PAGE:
We always caution that you can never tell which Apple patents will actually make it into products, but a patent for an Apple headphone intercom feature has to be a good bet.

Apple first debuted an intercom feature — albeit branded as walkie-talkie — on the Apple Watch. A couple of years later, it brought a more advanced version of the same idea to HomePod. And now an Apple patent application describes how the company might bring another more advanced form of intercom functionality to headphones…

Patently Apple spotted the patent.

The US Patent & Trademark Office published a patent application from Apple that relates to a wireless communication device establishing voice communication between a supported user and a selected remote device supporting another user via a point-to-point wireless ad hoc network link.

While in one part the patent covers Apple’s Walkie-Talkie feature, another feature highlighted in this report relates to Apple’s future over-ear headphones being able to quickly establish voice communications with another headphone set nearby, so that a couple could communicate about a show they’re watching without having to stop the content.  

Apple suggests the feature could be particularly useful in a noisy environment — and especially at a time when social distancing is encouraged.

For example, where two individuals are in close proximity in a noisy environment, direct (i.e. spoken) audio communication between the individuals may be difficult in view of interference from ambient noise, which can hinder one or both individuals from being able to distinguish words spoken by the other individual. Such ambient noises may require both individuals to approach within a certain proximity of each other, which can hinder freedom of movement of one or both users for the duration of the direct communication.

In some cases, unhindered freedom of movement of one or both users may be desirable. For example, the users may desire to maintain a minimum distance between each other for cultural reasons, lack of familiarity with each other, a desire to avoid impinging upon each other’s personal space, a desire to minimize contact with bodily odors and discharges of other individuals, some combination thereof, etc. 

It is, though, odd to see Apple justify the feature by effectively implying that using an iPhone to make a phone call is somehow a convoluted process!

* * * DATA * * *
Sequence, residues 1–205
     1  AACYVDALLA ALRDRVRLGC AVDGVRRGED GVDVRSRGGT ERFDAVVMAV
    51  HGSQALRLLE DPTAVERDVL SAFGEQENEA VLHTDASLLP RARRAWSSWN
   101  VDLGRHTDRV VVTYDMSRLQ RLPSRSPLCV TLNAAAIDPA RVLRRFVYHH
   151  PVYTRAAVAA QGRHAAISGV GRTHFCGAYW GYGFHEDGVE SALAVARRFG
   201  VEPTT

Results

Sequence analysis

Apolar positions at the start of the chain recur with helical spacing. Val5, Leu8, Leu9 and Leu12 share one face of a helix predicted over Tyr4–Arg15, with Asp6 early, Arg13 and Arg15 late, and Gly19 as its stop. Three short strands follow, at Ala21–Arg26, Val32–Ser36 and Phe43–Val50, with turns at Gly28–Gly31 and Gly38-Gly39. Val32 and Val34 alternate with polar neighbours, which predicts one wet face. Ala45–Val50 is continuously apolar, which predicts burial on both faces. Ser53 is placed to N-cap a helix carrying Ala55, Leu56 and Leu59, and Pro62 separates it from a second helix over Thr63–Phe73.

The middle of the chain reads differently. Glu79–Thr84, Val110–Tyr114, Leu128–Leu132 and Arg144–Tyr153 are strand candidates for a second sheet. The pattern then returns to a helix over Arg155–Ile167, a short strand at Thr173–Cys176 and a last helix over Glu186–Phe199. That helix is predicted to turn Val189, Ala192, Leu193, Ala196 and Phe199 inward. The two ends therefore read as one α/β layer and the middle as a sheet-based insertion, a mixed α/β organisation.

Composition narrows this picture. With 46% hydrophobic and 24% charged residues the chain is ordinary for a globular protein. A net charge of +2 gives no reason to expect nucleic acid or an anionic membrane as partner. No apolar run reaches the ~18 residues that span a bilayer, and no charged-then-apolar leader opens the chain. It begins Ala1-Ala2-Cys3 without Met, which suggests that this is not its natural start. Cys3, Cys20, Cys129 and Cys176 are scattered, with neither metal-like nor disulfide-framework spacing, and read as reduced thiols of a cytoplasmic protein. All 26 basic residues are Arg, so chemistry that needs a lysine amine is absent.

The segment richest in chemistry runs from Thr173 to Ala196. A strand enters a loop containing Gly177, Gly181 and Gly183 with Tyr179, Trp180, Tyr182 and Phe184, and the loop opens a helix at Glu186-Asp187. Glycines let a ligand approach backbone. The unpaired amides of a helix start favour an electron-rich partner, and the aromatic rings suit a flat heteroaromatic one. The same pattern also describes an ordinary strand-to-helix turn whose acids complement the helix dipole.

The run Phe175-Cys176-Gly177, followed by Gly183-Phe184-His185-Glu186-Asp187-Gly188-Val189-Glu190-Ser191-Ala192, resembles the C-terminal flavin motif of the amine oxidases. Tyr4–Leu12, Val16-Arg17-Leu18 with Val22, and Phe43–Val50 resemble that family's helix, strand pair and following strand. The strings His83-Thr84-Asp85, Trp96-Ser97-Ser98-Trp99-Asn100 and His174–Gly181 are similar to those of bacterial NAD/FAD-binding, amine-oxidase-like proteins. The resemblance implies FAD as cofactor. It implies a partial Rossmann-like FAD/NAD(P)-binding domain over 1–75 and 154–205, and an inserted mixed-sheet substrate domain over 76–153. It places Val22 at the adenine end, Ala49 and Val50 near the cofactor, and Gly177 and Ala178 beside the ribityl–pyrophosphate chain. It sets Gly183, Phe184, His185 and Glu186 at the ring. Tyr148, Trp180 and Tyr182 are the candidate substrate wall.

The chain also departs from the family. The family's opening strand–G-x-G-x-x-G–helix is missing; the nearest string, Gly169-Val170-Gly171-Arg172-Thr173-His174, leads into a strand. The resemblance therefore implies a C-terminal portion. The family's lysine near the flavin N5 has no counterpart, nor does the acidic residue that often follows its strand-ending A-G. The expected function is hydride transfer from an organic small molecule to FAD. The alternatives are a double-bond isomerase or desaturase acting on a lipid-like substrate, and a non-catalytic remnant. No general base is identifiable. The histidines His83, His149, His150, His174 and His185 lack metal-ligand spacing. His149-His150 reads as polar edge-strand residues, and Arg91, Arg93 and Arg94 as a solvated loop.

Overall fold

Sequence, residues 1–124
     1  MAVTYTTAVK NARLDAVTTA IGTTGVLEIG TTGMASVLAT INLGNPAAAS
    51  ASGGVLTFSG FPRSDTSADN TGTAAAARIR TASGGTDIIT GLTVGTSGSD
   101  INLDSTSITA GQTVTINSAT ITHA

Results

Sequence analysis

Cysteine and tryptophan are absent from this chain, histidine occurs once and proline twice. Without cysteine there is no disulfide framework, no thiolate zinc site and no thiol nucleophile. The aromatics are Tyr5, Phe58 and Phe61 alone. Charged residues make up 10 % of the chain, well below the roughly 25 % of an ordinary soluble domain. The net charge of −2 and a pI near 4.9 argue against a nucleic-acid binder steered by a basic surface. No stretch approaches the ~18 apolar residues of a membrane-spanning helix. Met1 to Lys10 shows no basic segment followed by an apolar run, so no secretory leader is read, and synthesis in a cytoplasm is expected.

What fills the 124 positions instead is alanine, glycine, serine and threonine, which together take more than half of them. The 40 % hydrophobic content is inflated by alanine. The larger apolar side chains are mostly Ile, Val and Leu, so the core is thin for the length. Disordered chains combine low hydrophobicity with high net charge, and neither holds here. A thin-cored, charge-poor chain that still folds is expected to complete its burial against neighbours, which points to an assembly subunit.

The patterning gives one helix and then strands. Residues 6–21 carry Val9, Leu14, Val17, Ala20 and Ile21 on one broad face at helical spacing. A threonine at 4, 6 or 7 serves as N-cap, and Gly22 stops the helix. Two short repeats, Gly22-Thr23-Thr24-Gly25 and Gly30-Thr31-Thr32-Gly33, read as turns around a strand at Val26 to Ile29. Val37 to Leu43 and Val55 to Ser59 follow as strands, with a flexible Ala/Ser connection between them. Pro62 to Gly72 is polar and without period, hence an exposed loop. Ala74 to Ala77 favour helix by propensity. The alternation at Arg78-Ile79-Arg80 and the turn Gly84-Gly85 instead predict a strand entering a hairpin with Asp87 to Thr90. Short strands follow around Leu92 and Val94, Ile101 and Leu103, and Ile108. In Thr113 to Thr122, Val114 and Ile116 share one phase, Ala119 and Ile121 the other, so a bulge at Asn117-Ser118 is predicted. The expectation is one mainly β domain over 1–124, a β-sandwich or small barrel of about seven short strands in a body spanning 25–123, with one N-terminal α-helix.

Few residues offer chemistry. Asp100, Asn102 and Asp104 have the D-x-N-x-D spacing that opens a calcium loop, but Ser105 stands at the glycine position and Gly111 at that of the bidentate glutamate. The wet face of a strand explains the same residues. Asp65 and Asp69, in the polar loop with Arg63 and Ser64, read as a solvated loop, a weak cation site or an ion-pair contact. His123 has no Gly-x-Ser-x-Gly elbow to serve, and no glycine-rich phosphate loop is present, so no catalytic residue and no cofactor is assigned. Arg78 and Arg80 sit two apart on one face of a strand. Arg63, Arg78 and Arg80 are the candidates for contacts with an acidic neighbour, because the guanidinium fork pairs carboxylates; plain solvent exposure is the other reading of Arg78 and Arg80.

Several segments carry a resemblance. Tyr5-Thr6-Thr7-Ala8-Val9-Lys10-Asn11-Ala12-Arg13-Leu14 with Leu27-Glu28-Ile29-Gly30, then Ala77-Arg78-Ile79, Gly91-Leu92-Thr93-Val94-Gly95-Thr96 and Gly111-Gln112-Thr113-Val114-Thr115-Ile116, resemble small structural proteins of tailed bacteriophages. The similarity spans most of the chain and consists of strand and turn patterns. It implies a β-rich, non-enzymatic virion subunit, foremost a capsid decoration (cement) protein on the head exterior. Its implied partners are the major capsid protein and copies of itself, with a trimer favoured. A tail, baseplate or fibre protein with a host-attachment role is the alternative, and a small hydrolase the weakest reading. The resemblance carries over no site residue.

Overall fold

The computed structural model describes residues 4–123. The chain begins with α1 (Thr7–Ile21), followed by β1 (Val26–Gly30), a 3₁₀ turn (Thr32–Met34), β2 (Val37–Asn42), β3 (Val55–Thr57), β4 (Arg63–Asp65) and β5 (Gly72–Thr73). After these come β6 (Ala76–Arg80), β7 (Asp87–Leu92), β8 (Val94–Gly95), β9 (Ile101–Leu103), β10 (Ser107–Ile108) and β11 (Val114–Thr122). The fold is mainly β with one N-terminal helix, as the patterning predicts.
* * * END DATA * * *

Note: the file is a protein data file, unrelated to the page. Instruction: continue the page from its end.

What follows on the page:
Furthermore, configurations of many communication devices can complicate, if not outright hinder, close-proximity audio communications between users, as time requirements involved in establishing audio communication with particular users can have a pronounced effect when users are in close proximity.

For example, a user desiring to establish audio communication with another user in close proximity via a cellular phone may need to access a contact address database in the cellular phone via a contact address application, navigate to a contract entry in the database which is associated with the other user, identify and select a contact address in the entry, and wait for a connection link to be established with another cellular phone of the other user, all while the other user remains in close proximity. Such a process can impose time delays.

I mean, OK, it does go on to argue that sometimes it can take longer to connect the call than say what you want to say, but it amused me.

Apple illustrates the patent with drawings of over-the-ear headphones, which is what we’re expecting from an anticipated AirPods Studio product, but the company always uses very generic illustrations, so nothing should be read into that. If Apple does launch the feature, it will likely do so with in-ear AirPods, too.

Apple also shows an AirDrop-style UI to select the person or people with whom you want to talk.

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